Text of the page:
Turning again to FIG. 1, auxiliary regions 60 are disposed between the P-type photocurrent collecting regions 17 in column 11. The auxiliary regions 60 are formed and shaped in the same manner as the auxiliary regions previously described. The column 13 has a similar set of auxiliary regions for providing photocurrent cross talk isolation between its P-type photocurrent collecting regions 18. The FIG. 1 illustrated array utilizes the metallized areas or contacts collectively designated by numeral 61 to make individual electrical ohmic connections to the various illustrated P-type photocurrent collecting regions. The metallized areas 61 extend very little over the P-type regions as best seen in FlG. 3. The purpose of this arrangement is to maximize the area of the P-type regions exposed to incident radiation for maximizing sensitivity.

The isolating P-regions 28 and 14 of FIG. 2 do not have to be reverse-biased with respect to regions 16. It is quite effective in isolating N-regions on the same monolithic chip so long as the N-regions to be isolated are completely surrounded by a continuous P-region. This junction isolation technique, requiring no external bias is extensively used in the industry today. A small N+ diffused region beneath electrode 30 and electrodes 41, would provide better ohmic contact of shorting electrode to region 16. Electrode 30 provides an ohmic connection to N-type layer 16 in column 12. Each column in the array has a similar electrode (not shown). This ohmic connection can be used for completing electrical circuits with the various photocurrent collecting regions 20 24. Since the photocurrent collecting regions in the various columns other, a coordinate selection system'may be utilized to select whichdevice isto be interrogated. For example, if P-type photocurrent collecting region 21 is to be sensed for incident radiation, thenan electrical switch (not shown) connects electrode 30 to a photocurrent sensing circuit (not shown). Each of the columns 11 and 13. etc., in the array would have a similar electrode (not shown) connectedthrough a switch (not shown) for making an ohmic connection between'the N-type layer therein to such a sensing circuit (not shown). All of the P-type photocurrent collecting regions'in the various rows, i.e., the rows on the right-hand edge of the array as seen in'FIG. 1, are designated row 65, the next adjacent row is row 66 and the next 67, etc. All of the metallized areas 61 in a given row are .ohmically connected together, that is, the contacts in row 66 are connected together by a metallization (not shown). To select photocurrent collecting region 21, the contacts in column 66 are connected through another switch (not shown) to a photocurrent sensing circuit (not shown) as is contact or electrode 30. These connections complete an electrical circuit which includes only the junction between photocurrent collecting region 21 and N-type layer 16 of column 12. It is apparent from well known techniques that any one of the photocurrent collecting regions in an array can be so selected or addressed. Such selection forms no part of the present invention but is mentioned only to illustrate how a monolithic array may be utilized.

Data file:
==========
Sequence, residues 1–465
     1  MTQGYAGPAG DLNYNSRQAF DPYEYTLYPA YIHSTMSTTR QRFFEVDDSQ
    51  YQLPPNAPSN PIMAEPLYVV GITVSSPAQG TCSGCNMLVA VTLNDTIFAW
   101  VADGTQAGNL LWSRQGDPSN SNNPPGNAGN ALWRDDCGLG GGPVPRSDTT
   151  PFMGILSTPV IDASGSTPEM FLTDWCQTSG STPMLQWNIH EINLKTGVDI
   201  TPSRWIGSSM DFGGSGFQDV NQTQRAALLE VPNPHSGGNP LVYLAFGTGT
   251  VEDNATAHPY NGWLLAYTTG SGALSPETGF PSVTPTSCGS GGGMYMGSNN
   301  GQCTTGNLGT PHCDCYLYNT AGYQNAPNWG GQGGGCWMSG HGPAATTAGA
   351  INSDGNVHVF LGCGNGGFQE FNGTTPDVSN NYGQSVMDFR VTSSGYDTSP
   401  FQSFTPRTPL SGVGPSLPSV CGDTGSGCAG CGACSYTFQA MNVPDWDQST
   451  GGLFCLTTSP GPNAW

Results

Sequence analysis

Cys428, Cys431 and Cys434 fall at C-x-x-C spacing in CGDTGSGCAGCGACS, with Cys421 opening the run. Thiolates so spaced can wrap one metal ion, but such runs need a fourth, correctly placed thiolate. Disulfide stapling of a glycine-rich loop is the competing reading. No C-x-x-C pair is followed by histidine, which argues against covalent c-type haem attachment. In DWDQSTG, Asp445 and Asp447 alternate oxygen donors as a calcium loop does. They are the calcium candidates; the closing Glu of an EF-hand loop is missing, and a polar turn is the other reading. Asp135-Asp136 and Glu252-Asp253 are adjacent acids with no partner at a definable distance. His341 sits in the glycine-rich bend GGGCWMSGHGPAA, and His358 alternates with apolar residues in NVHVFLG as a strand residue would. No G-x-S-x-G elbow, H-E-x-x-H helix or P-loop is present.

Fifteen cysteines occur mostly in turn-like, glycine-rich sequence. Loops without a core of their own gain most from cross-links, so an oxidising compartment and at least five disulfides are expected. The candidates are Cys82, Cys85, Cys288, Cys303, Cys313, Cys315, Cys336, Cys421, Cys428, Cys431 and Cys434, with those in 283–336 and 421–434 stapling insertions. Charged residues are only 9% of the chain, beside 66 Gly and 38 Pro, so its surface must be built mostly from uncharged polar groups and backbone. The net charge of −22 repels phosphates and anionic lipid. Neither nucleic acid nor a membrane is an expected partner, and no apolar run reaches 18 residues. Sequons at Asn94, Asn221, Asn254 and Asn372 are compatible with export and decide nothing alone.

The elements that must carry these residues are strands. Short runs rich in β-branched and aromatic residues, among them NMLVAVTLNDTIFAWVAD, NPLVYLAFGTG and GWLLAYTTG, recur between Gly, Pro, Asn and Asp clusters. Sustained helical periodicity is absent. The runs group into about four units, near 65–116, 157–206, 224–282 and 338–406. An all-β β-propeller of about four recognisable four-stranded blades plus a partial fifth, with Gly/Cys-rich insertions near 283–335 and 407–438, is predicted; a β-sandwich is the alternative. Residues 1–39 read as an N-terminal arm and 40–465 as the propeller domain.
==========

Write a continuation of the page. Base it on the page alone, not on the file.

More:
In some instances, it is desired not to have a large number of ohmic connections as just described. In such an instance, the selection may be through a beam of electrons focused on a given photocurrent collecting region. Since electron beams can be scanned rather the N-type layer 73 at 78. A single ohmicconnection is made through N+ region 75 to wire 76 attached thereto in the usual manner. The light to be analyzed is received through the N-type layer 73 as indicated by arrows 76. This may be a collimated beam, a laser beam or may be a two-dimensional light image to be analyzed by a circuit (not shown). In any event, the light impinging upon N-type layer 73 immediately adjacent photocurrent collecting region 74 is measured by focusing an electron beam indicated by dotted arrow 77 solely on P-region 70. The electron beam has a cross-section preferably somewhat smaller than the photocurrent collecting region 74 (although it may be just as large) andcharges the P-type photocurrent collecting region 74 for reverse biasing the rectifying junction between region 74 and layer 73. The incident light indicated by arrows 76 migrates to such reverse biased junction causing a photocurrent in layer 73 which discharges region 74 reducing the reverse biasing of such junction (compare with the discharge of a capacitor). Suchdischarge results in an electrical current output through wire 76. With rapid scanning, the output photocurrent is treated as a video signal.

The majority of the photoenergized minority carriers are adjacent the illuminatedsurface. Since the light image is focused upon the surface opposite the photocurrent collecting regions 74 and 71, a thin N- type layer 73 is required to permit the received light to penetrate into layer 73 near regions 74 and 71. It is desirable that thickness of region 73 be on the order of 1/7 corresponding to wavelength of desired maximum sensitivity. Otherwise, the minority carriers may not migrate toward the depletion region formed by the reverse-biasing of the junctions between regions 74, 71 and layer 73.